Handing over control to the workforce might feel a little counterintuitive, but there’s plenty of evidence to support that this hands-off approach empowers workers and reaps the rewards. An empowered workforce is undoubtedly a productive one.
We’ve seen, time and time again, improvements in engagement where employees are given the ability to monitor their productivity – their natural competitive nature kicks in, and they try to excel themselves. It’s about managing expectation, gamifying the workplace, and putting your workforce in control of how they allocate their working day.
Machine monitoring provides a live stream of data, reflecting the productivity of machines on the factory floor. It affords forward-thinking managers the ability to keep track of production targets in real time, to identify devices that are in need of maintenance, and to keep adrift of the productivity of the team.
Of course, there are horror stories of certain large warehouse retailers who put their staff under colossal pressure to meet unrealistic targets – practically chaining staff to their beepers, keeping them confined to the factory floor while denying them even a toilet break.
That type of control breeds resentment; not engagement.
Machine monitoring is not about that. There are, of course, ways that the technology could be used to dictate and control – but who wants that?
Who wants a taskforce who are afraid to go to the toilet?
Who wants a taskforce who dread coming into work?
Dictatorships in the workplace just don’t get the best out of their employees – they run them into the ground, create an impenetrable wave of stony resentment, and – let’s face it – they treat their workers like machines.
And no-one wants that.
Setting unrealistic targets is the first step to disempowering your workforce. And this is about empowering your workers to come in to work with a positive outlook, with a recognition of how their role contributes to the bigger picture.
Machine monitoring provides a worker with the ability to track their productivity against targets. And if you incentivize workers who exceed those targets, then you have the perfect storm of motivated worker and high plant productivity.
Gamification is a relatively new notion in manufacturing, and it monopolizes on the competitive nature of the workforce. The concept applies and integrates elements of game mechanics (target hitting, normative comparison, consistency in the rate of production, etc.) to motivate participation, loyalty, and engagement.
Game designers understand that data drives a deep motivation to keep players playing.
Think about games like Candy Crush. It opens with the simplest, most novice-level possible; it seems unchallenging and straightforward and lulls the player into a belief that they can master the game. But it gets progressively harder, introducing new rules and, sometimes, setting you against the clock. As the challenge increases, you find that you just continue to play. You work with greater determination to beat the machine.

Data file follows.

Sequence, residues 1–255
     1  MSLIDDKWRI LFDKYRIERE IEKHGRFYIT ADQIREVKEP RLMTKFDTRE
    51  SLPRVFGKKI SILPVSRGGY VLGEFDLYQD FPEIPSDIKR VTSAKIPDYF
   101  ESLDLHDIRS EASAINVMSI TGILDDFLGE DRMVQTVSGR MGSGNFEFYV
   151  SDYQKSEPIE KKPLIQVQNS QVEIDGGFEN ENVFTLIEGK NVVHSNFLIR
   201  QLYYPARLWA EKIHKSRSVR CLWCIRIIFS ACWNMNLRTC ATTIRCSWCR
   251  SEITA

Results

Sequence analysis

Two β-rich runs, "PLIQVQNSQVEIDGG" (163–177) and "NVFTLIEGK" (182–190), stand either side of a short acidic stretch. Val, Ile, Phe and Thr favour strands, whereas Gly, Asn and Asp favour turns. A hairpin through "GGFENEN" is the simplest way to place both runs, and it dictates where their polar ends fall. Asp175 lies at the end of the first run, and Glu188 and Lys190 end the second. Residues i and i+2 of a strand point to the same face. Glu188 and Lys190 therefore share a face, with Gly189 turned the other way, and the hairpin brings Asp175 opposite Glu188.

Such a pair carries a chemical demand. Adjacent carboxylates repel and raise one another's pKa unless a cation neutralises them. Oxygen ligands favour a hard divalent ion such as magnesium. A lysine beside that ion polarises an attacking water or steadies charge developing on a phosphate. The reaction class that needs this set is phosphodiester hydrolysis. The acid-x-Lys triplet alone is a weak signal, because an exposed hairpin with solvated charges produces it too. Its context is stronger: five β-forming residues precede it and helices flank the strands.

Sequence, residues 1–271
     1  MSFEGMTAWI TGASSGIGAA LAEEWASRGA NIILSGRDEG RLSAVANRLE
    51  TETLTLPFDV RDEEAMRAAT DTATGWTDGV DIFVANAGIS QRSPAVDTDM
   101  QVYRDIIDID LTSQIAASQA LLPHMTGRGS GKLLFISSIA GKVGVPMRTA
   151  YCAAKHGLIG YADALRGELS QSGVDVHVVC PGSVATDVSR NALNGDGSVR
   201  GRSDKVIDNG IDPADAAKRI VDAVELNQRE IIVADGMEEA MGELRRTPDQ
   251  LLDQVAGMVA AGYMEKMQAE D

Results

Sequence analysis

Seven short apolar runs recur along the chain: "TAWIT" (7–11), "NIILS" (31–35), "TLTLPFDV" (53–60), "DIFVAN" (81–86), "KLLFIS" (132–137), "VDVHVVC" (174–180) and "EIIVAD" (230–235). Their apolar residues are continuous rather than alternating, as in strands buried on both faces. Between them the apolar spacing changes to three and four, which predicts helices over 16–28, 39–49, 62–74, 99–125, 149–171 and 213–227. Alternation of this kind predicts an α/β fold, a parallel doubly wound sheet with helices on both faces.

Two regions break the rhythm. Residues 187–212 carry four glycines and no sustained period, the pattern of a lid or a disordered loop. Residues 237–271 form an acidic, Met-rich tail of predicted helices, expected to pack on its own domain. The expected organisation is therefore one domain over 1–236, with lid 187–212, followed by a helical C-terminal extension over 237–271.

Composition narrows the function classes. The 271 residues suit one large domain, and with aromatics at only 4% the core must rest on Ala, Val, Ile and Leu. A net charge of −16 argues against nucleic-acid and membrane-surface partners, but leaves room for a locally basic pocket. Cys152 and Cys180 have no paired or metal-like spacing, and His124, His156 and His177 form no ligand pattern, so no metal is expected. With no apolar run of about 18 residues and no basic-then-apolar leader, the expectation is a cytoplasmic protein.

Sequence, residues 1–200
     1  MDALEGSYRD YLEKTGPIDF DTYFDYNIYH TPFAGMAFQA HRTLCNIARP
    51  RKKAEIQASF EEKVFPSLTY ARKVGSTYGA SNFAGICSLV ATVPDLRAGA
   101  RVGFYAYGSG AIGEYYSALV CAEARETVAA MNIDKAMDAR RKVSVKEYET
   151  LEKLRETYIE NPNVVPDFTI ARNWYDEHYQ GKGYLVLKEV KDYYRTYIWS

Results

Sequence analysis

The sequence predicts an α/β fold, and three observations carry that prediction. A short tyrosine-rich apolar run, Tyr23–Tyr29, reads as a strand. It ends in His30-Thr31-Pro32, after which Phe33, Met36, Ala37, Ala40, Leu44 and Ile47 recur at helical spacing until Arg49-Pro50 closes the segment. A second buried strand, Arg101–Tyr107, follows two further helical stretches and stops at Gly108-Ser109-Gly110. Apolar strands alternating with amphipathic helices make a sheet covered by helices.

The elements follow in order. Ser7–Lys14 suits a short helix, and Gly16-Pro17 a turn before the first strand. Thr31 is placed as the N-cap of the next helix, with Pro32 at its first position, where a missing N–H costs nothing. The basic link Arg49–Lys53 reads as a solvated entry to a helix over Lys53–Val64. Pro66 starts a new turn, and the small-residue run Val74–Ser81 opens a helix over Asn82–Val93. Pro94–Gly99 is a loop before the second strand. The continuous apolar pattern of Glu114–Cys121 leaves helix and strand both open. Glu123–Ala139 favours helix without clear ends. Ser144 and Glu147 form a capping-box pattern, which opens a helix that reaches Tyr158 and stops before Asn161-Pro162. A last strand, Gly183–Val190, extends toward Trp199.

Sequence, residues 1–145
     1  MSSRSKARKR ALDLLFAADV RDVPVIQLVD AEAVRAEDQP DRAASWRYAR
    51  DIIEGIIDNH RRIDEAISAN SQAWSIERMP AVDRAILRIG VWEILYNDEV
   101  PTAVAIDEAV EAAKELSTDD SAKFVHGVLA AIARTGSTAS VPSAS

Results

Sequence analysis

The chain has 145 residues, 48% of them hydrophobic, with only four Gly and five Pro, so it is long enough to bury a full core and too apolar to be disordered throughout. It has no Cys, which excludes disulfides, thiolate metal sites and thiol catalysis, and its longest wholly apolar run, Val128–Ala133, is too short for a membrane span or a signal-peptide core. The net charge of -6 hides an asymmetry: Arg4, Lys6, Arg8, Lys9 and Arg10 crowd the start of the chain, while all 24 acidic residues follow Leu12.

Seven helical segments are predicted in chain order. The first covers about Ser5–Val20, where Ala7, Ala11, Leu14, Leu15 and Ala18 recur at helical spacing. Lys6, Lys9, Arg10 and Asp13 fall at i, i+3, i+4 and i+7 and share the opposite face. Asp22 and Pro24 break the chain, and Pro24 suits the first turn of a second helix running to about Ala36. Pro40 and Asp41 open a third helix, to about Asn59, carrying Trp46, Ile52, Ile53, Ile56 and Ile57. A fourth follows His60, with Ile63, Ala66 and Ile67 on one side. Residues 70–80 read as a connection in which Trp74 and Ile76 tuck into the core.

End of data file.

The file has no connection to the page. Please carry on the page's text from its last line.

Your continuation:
But, if the challenge becomes unwieldy, we give up.
Consider Minecraft – there are seemingly very few rules (and let’s face it, the graphics aren’t much to write home about!). But kids are hooked on creating a three-dimensional world that they can travel around and call their own. There’s no “game” in the traditional sense – sure, there are pirates and leopards that are keen to eat your digital chickens – but the sense that they are creating something that is undeniably their’s is a tempting (and addicting) quality.
So, if the rules of the factory floor are to create four pieces in an hour, you could incentivize anyone who produces five pieces. Your team player will be able to monitor their productivity and make sure that they exceed their targets.
FreePoint’s software provides the employee with the ability to keep scores, to track their progress, and to display their user-statistics, while comparing them against company norms.
But what about quality?
Quality is paramount, of course. Machine monitoring helps maintain quality because it provides accountability data.
An engaged employee uses their data to achieve a clear record of accountability for their work. And employees accountable for their productivity help maintain superior execution and greater creativity while securing a sense that they’re in charge of their own existence.
So, what do machinists think about being monitored?
The feedback received from the people on the floor is overwhelmingly positive. Machinists enjoy the gamification elements which directly engages them with their work function in the broader scheme of the factory. It provides context to their role and offers a consistent measure of their performance that they can monitor for themselves. They can view their own stats, and recognize their performance metrics in real-time.
The benefits of putting your workforce in the driving seat are two-fold: you facilitate greater engagement by monitoring own performance, and you work towards realistic targets. You maintain quality, while managers and factory owners get a team of engaged, motivated employees who naturally come together as a team: helping everyone achieve their targets; producing products that they’re proud of.